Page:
Refugees in the Cluster of Humanitarian Disasters

Recent years have been increasingly marked by numerous migration crises. Fleeing from wars, armed conflicts and various militant activities, migrants from Africa and Asia continue to make dangerous attempts to enter Europe by various, often risky and dangerous, means. As a result, many of them die at sea, and the coastguards of various countries have to rescue hundreds of survivors.

Last December alone, Euronews reported that more than 270 illegal immigrants were rescued in the central Mediterranean in three rescue operations by the German non-governmental organization Sea-Watch. Meanwhile, in the Sicilian ports of Pozzalo and Trapani, more than 300 other previously rescued migrants have come ashore. At the same time, more than 30 people died in Greek waters in late December. Local authorities blame the tragedy on smugglers who prefer to send migrants along the dangerous route from Turkey to Italy to avoid patrols.

The “Belarus route” became unexpectedly “popular” with illegal immigrants in 2021, but the Polish and Lithuanian border guards and their army have stood in the way of those wishing to settle in Europe, and there have even been casualties as a result of their actions. Regarding the conditions of detention of refugees in these countries, Lithuanian human rights experts have released a document which shows that these conditions amount to “inhuman or degrading treatment” at the Lithuanian Alien Registration Center (ARC) in Kibartai. This is said in particular in a report published by the Lithuanian Seimas ombudsmen, according to It is also noted that the ARC has not adequately ensured the right of migrants to be informed about their obligations and rights. Lithuanian Seimas Ombudsman Erika Leonaitė expressed the view that detention of illegally arrived migrants should not turn into punishment. The ombudsmen found these conditions unsatisfactory, inhumane and degrading for refugees, especially considering that the Kibartai Alien Registration Center is a prison. In Lithuania, the refugee camps are violent and abusive, and there have been repeated protests there, with people demanding food, water, warm clothing and the chance to communicate with their relatives.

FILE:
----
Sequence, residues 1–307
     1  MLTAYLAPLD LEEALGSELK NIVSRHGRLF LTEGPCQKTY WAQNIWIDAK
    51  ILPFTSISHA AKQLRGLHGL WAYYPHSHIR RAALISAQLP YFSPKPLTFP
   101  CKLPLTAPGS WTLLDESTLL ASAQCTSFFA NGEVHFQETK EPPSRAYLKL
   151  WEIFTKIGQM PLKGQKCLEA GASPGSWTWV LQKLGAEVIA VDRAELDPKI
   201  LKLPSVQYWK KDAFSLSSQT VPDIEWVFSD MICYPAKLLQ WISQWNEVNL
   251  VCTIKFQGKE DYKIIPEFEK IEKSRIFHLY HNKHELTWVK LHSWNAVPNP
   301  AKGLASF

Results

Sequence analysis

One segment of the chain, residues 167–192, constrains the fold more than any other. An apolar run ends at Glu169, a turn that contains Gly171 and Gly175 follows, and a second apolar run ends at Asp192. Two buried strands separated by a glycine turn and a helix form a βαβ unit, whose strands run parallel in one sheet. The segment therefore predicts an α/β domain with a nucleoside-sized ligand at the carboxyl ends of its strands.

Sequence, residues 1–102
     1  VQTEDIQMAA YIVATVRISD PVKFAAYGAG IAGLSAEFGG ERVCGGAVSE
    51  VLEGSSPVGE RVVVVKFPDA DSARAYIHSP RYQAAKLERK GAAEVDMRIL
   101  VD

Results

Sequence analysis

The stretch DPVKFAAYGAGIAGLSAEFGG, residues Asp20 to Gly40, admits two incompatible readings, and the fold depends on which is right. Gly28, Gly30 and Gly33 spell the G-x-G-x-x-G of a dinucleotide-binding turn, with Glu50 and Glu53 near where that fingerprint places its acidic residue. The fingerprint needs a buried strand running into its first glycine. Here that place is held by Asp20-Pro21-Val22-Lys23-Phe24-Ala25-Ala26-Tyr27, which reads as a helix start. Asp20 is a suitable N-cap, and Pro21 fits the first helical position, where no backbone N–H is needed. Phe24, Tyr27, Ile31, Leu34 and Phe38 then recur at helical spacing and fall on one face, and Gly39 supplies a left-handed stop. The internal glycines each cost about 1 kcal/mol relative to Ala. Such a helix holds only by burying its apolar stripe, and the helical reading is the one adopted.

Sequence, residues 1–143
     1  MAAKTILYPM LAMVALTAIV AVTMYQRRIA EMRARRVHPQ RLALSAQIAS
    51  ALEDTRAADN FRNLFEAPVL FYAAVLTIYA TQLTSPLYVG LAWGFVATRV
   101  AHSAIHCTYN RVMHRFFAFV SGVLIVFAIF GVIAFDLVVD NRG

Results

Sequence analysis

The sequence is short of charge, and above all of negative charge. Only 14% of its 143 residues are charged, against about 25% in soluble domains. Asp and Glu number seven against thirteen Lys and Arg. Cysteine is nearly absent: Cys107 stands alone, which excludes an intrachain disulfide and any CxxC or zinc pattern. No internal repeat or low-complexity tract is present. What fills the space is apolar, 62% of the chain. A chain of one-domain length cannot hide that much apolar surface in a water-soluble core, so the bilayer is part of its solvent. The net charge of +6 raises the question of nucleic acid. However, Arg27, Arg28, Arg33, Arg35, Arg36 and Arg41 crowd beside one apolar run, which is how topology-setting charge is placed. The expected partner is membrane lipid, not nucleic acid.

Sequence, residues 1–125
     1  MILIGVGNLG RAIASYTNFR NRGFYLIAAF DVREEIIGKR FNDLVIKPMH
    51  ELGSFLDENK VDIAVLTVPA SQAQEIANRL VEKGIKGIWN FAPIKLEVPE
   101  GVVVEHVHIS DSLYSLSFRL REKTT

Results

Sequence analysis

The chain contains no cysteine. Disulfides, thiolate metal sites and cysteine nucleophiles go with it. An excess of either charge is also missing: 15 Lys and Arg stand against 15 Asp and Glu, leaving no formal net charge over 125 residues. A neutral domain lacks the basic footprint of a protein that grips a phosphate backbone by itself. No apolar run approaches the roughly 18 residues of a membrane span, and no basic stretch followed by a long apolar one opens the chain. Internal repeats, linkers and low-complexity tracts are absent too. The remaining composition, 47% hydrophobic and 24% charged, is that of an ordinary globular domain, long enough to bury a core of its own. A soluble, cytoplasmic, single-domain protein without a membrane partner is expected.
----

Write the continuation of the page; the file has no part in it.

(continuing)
The refugee situation is no better in Poland. Polish security forces have killed more than 240 migrants trying to cross the border from Belarus. This was stated by Emil Chechko, a serviceman who fled from Poland to Belarus. According to him, he was first involved, as part of Polish security forces, in the killing of migrants on June 8, 2021 near Siemianówka. The bodies of migrants were buried in prepared pits in the forest. Chechko also said he knew of other acts of killing refugees.

The refugee situation in Libya is also in the cluster of humanitarian disasters. About one hundred thousand migrants have been intercepted and taken to Libya over the past five years since the EU began working with Tripolitan authorities to block Africans from reaching European shores. Many of those returned to Libya, including women and children, are held in government detention centers where they suffer abuse, including torture, rape and extortion. Amnesty International reports on multiple abuses in Libyan refugee camps and has called on the European Union to change its migration policy towards Libyans.